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I'm looking for the number of irreducible polynomials with degree $6$ in $\mathbb{F}_2[X]$ with leading coefficient $1$.

First question: The leading coefficient $1$ is redudant because every polynomial of degree $6$ has leading coefficient $1$?

My solution: The polynomials must be of the form

$$ x^6 + \dots + 1$$

to ensure the degree of $6$ and to ensure that $0$ is not a root. Now we have

$$ \dots + \alpha_5x^5+ \dots +\alpha_1x+ \dots$$

with $\alpha_i \in \mathbb{F}_2$. To avoid that $1$ is root, an odd number of $\alpha_i$ must be $1$. The number of combinations for that would be $\frac{2^{(5-1)}}{2}$ = 8. Is that correct?

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Here is an answer to more general question… – Norbert Jul 15 '12 at 18:37
up vote 3 down vote accepted

To finish doing it your way - first of all, you've miscounted - there's five numbers between $\alpha_1, \ldots, \alpha_5$, so you really want $2^5/2 = 16$. But there's still some of those polynomials that aren't irreducible: the problem is that just because a degree 6 polynomial doesn't have a root doesn't make it irreducible (that's only true for degree 2 and 3 polynomials). For example, $$ x^6 + x^2 + 1 = (x^3 + x + 1)^2 $$ in characteristic $2$, so it's not irreducible even though it's on your list.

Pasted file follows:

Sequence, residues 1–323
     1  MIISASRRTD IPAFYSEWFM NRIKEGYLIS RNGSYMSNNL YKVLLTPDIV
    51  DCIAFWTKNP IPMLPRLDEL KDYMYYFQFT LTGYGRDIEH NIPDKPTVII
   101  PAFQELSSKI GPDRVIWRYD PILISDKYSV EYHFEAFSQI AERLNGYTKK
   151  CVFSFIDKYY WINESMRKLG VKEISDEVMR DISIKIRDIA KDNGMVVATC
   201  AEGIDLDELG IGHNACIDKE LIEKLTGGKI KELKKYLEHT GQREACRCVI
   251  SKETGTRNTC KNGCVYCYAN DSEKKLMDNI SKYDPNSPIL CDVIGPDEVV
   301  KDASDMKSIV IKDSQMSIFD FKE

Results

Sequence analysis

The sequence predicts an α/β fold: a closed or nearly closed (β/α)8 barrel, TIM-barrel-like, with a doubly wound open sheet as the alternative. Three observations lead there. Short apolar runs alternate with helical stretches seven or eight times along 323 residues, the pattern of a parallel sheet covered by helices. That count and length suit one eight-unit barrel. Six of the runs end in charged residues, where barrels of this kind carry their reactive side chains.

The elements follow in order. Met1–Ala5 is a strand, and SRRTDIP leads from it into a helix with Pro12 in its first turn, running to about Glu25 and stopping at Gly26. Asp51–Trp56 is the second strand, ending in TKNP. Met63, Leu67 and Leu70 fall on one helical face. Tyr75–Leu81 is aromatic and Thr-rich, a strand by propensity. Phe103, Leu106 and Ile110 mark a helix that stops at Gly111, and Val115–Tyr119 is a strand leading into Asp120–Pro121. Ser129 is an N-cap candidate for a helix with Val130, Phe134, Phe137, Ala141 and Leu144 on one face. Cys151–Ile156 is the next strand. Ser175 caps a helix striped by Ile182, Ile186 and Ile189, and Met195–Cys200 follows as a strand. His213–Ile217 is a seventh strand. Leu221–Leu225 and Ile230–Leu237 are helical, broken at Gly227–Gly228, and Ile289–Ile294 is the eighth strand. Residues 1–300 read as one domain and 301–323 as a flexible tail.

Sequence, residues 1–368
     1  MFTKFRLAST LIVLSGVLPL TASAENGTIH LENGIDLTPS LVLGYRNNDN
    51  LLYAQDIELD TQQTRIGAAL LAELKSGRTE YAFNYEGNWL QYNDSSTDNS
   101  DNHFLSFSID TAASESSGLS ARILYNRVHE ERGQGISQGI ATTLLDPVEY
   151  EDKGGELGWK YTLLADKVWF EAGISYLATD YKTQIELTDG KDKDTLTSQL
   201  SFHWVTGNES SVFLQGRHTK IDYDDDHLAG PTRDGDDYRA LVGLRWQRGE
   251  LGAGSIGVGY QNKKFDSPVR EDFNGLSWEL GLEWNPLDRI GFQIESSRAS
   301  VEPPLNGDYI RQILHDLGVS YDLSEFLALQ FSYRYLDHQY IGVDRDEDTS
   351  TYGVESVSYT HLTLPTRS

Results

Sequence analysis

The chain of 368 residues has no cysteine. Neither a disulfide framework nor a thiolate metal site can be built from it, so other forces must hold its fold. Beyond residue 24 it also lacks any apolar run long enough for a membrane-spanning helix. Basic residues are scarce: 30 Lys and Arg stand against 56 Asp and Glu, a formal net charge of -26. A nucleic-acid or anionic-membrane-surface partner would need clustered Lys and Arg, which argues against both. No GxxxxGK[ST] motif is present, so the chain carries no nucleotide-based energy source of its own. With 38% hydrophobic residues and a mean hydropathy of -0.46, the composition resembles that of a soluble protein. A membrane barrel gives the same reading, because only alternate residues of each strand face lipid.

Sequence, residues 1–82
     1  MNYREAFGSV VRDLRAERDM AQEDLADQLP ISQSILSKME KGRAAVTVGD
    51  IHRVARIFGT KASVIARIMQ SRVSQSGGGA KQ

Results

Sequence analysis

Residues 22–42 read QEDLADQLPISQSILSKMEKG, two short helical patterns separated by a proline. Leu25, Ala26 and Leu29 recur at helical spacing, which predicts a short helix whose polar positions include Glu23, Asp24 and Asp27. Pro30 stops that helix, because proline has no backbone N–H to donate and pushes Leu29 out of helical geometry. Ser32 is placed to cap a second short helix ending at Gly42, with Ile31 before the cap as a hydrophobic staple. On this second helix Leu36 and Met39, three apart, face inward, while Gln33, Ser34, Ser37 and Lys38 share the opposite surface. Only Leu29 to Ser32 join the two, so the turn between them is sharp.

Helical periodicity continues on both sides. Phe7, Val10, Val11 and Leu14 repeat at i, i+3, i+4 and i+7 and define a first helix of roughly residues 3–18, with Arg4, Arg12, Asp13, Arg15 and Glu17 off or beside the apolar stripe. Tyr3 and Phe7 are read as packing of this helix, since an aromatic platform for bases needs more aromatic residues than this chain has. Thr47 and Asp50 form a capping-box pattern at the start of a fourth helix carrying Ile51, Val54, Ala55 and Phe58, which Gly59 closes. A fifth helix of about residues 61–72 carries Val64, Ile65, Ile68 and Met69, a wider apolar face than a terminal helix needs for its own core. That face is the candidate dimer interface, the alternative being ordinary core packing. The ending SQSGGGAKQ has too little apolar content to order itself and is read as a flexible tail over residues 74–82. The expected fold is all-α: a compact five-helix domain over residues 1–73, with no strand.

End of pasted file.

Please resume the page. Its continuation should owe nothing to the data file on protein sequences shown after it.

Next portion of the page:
To figure out which ones to throw out, let's write down the possible irreducible factors of a degree 6 polynomial with no linear factors:

possible irreducible quadratic factors: $x^2 + x + 1$

possible irreducible cubic factors: $x^3 + x^2 + 1$, $x^3 + x + 1$.

possible irreducible quartic factors: $x^4 + x^3 + 1$, $x^4 + x + 1$.

In making this last list I throw out $x^4 + x^2 + 1 = (x^2 + x + 1)^2$. I know the other two are irreducible because the only way I'm going to get a reducible quartic with no linear factors is for it to be the square of the quadratic.

We can't have an irreducible quintic factor because the quotient would be linear.

So, what could go wrong? We can partition 6 as $2 + 2 + 2$, $2 + 4$, or $3 + 3$; these are the only partitions that don't use a 1. There's one way to get a degree 6 polynomial by using a quadratic three times; two ways by using a quadratic and a quartic, and four ways by using two cubics.

So we need $16 - 1 - 2 - 4 = 9$. This agrees with the answer using Möbius inversion given on Mathoverflow.

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For variety, a different approach. Each irreducible polynomial degree 6 polynomial has 6 distinct roots $\alpha$ with the property that $\mathbf{F}_2(\alpha) = \mathbf{F}_{64}$. Furthermore, no two distinct polynomials have overlapping roots.

There are 64 elements of $\mathbf{F}_{64}$. Of those:

  • 2 of them lie in $\mathbf{F}_{2}$
  • 4 of them lie in $\mathbf{F}_{4}$
  • 8 of them lie in $\mathbf{F}_{8}$

(these are the only proper subfields). After counting everything carefully, this leaves $54 = 6 \cdot 9$ elements that do not lie in any subfield, and thus 9 irreducible polynomials.

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